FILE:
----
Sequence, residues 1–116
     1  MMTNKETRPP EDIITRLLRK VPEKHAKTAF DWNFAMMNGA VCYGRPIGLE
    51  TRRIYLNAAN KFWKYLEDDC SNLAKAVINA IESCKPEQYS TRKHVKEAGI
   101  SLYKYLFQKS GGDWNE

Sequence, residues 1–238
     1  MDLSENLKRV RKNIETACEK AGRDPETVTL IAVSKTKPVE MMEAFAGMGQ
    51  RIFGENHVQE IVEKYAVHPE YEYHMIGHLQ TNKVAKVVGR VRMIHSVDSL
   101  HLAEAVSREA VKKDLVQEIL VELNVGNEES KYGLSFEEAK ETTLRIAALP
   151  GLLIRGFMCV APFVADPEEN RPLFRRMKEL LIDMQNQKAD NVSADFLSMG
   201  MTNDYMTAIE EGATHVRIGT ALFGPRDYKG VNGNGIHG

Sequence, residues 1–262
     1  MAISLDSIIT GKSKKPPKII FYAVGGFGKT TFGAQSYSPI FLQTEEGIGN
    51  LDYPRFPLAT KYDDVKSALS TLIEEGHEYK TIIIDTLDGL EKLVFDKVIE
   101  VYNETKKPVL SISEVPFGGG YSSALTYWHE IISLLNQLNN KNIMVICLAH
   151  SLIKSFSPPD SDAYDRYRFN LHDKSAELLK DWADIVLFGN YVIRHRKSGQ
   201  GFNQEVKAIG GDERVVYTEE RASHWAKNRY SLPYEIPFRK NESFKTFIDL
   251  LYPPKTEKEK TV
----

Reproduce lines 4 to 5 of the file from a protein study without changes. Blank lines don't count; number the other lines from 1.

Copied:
   101  SLYKYLFQKS GGDWNE

Sequence, residues 1–238